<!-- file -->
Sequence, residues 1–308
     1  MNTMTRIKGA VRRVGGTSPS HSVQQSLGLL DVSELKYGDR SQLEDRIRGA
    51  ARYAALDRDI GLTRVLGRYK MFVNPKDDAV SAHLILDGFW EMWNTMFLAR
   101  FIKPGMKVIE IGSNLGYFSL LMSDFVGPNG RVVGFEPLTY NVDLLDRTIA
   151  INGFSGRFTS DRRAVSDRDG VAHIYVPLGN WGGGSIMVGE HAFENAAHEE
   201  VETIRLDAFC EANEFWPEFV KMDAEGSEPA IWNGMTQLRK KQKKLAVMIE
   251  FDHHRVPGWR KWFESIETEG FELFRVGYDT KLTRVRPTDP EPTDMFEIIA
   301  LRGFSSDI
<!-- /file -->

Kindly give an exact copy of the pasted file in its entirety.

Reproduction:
Sequence, residues 1–308
     1  MNTMTRIKGA VRRVGGTSPS HSVQQSLGLL DVSELKYGDR SQLEDRIRGA
    51  ARYAALDRDI GLTRVLGRYK MFVNPKDDAV SAHLILDGFW EMWNTMFLAR
   101  FIKPGMKVIE IGSNLGYFSL LMSDFVGPNG RVVGFEPLTY NVDLLDRTIA
   151  INGFSGRFTS DRRAVSDRDG VAHIYVPLGN WGGGSIMVGE HAFENAAHEE
   201  VETIRLDAFC EANEFWPEFV KMDAEGSEPA IWNGMTQLRK KQKKLAVMIE
   251  FDHHRVPGWR KWFESIETEG FELFRVGYDT KLTRVRPTDP EPTDMFEIIA
   301  LRGFSSDI